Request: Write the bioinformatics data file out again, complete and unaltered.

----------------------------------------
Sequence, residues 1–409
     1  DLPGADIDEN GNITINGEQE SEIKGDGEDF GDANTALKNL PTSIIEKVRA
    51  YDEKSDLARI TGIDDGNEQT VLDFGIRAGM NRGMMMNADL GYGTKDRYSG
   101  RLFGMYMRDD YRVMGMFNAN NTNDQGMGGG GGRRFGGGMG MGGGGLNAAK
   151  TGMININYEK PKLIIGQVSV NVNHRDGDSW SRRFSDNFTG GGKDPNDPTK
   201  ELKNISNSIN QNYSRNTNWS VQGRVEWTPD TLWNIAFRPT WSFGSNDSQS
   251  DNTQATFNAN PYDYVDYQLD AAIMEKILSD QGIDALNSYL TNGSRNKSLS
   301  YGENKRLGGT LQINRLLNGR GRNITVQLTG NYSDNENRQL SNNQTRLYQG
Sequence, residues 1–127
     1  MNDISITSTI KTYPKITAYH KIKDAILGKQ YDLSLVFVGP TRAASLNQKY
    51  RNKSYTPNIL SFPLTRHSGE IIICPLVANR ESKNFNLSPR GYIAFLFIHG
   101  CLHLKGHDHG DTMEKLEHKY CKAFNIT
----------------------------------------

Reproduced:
Sequence, residues 1–409
     1  DLPGADIDEN GNITINGEQE SEIKGDGEDF GDANTALKNL PTSIIEKVRA
    51  YDEKSDLARI TGIDDGNEQT VLDFGIRAGM NRGMMMNADL GYGTKDRYSG
   101  RLFGMYMRDD YRVMGMFNAN NTNDQGMGGG GGRRFGGGMG MGGGGLNAAK
   151  TGMININYEK PKLIIGQVSV NVNHRDGDSW SRRFSDNFTG GGKDPNDPTK
   201  ELKNISNSIN QNYSRNTNWS VQGRVEWTPD TLWNIAFRPT WSFGSNDSQS
   251  DNTQATFNAN PYDYVDYQLD AAIMEKILSD QGIDALNSYL TNGSRNKSLS
   301  YGENKRLGGT LQINRLLNGR GRNITVQLTG NYSDNENRQL SNNQTRLYQG
Sequence, residues 1–127
     1  MNDISITSTI KTYPKITAYH KIKDAILGKQ YDLSLVFVGP TRAASLNQKY
    51  RNKSYTPNIL SFPLTRHSGE IIICPLVANR ESKNFNLSPR GYIAFLFIHG
   101  CLHLKGHDHG DTMEKLEHKY CKAFNIT